TIps and Tricks for Current Standard
Since the red matchup does hinge on very small margins, very nuanced pieces of strategy play a pivotal role in the outcome. It is very hard to give advice on how to develop this nuanced knowledge for any format and any red deck, but here are some of the things I've found about the current red decks.
As a general rule, the correct sequencing against Standard's red decks is to Remove their creatures (non-token) before playing blockers. The tempo and damage hit of playing Fleecemane Lion into their Lightning Strike and getting hit by their board of Monastery Swiftspear and Foundry Street Denizen is huge and very difficult to recover from. Playing your removal first also lets you play your cheap creatures later with mana up to protect them from burn with effects like Abzan Charm, Dromoka's Command, or the prowess mechanic.
The widespread sideboard play of the three mana sweepers (Drown in Sorrow and Anger of the Gods) has forced the red deck to slow down post-board and play a game more reliant on the dash mechanic. You generally have a little bit more time in games two and three than you did in game one. Don't get comfy; the deck is still blisteringly fast and will kill you dead if you rely overmuch on this trend
The current generation of red deck has a lot of good tools for unstabilizing a stabilized board state. For this reason turning the corner as soon as possible is even more important than against the typical red deck. You have to end the game before they can go wide with tokens or utilize Goblin Heelcutter to find profitable attacks into a stabilized board.
Atarka Red splashes green for two cards: Atarka's Command and Become Immense. These spells are immensely powerful and command respect. Play around them as much as humanly possible, as they will beat you if you forget about them.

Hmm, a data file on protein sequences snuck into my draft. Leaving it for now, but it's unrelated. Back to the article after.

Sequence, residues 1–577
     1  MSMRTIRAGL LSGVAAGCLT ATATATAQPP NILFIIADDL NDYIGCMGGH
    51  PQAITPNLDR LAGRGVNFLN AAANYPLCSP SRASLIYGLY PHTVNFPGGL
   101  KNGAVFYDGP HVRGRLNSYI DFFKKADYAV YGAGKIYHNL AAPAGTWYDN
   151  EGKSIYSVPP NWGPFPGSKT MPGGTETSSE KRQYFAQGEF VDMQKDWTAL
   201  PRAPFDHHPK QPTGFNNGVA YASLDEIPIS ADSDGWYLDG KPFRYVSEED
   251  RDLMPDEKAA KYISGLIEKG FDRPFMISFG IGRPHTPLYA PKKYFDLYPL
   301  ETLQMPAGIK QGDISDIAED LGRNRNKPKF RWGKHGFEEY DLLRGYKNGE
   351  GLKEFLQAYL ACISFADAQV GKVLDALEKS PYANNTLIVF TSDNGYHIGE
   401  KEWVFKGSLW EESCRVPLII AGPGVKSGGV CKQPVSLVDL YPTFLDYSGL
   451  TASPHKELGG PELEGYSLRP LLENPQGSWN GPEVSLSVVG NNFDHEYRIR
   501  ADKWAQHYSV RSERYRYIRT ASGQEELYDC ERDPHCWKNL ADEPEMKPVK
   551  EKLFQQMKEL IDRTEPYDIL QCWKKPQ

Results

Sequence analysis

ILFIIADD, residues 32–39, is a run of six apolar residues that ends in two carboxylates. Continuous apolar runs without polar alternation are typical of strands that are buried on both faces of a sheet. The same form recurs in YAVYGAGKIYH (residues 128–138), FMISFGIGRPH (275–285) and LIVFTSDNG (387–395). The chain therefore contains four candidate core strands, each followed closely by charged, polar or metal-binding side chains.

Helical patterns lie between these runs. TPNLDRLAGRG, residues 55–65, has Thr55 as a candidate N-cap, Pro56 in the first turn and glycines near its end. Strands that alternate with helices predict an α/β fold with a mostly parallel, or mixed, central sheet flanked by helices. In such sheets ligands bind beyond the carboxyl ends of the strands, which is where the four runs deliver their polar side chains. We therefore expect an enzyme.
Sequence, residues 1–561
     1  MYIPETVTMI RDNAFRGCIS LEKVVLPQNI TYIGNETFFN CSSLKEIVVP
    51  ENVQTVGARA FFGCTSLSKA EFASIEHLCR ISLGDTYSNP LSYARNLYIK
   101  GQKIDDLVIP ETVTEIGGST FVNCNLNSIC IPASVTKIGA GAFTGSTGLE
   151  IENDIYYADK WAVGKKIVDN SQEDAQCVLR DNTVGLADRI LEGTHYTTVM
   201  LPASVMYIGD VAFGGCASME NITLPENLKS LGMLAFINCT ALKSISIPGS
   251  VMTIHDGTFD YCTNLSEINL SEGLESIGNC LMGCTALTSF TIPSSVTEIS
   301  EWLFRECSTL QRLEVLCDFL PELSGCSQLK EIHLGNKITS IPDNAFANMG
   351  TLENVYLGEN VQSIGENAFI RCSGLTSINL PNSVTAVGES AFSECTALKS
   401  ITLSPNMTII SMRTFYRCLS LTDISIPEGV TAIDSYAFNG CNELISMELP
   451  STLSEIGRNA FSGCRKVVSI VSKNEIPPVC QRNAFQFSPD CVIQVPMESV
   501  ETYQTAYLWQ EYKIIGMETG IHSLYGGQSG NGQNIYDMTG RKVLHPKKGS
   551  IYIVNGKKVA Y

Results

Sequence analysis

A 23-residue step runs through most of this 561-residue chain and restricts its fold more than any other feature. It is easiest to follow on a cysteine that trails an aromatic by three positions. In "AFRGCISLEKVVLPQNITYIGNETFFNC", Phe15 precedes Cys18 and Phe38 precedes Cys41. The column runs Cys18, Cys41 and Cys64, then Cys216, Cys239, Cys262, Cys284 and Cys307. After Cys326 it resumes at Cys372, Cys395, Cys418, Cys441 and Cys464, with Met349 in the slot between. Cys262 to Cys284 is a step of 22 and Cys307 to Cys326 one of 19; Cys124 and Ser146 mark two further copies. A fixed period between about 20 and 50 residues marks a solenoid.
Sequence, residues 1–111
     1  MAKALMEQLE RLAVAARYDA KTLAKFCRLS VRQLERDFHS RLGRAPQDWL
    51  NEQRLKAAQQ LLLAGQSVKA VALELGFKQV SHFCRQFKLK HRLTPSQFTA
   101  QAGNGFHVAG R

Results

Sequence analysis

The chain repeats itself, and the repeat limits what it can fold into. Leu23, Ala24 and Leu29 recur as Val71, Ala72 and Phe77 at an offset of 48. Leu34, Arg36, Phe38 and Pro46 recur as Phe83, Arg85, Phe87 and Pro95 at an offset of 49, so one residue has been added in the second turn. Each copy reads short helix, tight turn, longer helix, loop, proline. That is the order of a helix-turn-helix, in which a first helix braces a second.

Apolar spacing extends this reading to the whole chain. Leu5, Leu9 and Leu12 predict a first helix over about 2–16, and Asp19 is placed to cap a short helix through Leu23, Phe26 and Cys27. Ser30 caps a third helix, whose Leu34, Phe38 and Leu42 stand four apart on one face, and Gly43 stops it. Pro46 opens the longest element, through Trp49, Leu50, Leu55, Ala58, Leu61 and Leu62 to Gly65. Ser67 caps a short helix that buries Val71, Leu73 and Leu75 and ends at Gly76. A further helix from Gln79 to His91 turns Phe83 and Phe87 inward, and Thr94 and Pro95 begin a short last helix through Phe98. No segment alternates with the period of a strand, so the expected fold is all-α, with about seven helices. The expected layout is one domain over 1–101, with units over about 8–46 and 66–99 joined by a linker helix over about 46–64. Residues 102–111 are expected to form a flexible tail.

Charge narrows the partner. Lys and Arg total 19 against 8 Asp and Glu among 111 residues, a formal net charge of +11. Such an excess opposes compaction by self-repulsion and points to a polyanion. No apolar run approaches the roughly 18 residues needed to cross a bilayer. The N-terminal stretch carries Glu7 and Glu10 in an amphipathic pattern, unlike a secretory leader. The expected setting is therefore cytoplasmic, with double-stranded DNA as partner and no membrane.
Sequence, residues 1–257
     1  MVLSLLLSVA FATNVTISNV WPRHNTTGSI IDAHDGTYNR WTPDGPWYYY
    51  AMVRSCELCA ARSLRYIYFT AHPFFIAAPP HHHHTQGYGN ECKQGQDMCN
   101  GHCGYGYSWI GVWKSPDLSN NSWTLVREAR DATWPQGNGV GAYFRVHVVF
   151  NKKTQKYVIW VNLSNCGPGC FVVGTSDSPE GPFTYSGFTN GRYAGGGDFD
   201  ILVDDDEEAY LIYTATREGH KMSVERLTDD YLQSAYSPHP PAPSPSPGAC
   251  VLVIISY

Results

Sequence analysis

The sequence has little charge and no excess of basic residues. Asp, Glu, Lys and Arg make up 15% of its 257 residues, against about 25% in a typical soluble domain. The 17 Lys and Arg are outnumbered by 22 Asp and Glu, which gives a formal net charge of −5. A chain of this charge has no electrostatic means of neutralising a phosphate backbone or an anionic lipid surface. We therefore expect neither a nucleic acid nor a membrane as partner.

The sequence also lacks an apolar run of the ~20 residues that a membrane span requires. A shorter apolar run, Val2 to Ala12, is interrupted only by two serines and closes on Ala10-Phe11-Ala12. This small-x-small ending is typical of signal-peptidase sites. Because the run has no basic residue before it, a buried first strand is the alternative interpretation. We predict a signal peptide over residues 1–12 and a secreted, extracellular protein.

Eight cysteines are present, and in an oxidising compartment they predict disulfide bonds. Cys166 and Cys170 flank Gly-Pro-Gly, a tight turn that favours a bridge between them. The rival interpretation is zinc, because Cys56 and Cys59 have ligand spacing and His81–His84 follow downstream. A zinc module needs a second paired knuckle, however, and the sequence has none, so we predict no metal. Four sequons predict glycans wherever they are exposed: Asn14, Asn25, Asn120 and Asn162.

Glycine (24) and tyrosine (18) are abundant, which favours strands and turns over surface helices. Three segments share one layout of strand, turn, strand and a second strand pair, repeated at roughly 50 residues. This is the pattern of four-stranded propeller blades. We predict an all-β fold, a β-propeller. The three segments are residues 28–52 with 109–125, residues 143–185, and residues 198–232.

If your deck has a lot of targets for Searing Blood, keep it in the forefront of your mind and try not to let it get you too bad. If you can set up to counter the Searing Blood with a pump spell of some kind, it's often worth the time investment to minimize your exposure. If you have only a few Searing Blood targets and you can do without them, consider boarding some copies out and play the ones you leave in much later in the game. If you make it to late game with no Searing Blood targets on the field and they have a card in hand that seems to be dead, Think Twice before playing a two toughness creature.
Dromoka's Command is the best anti red card I have ever had the pleasure of playing. If you are in the color combination and want to up your game against red I cannot recommend it strongly enough. The ability to both protect your creatures from burn and Remove their creatures simultaneously is very strong, but what really pushes the card over the top is that it also acts as insurance against their last piece of reach.
This weekend is the TCGplayer $50,000 MaxPoint Invitational in Las Vegas where I'm sure monored decks will be out in full force. How do you plan to beat the monored menace in the upcoming weeks or expect players to prepare for them? Share in the comments!
Thanks for reading,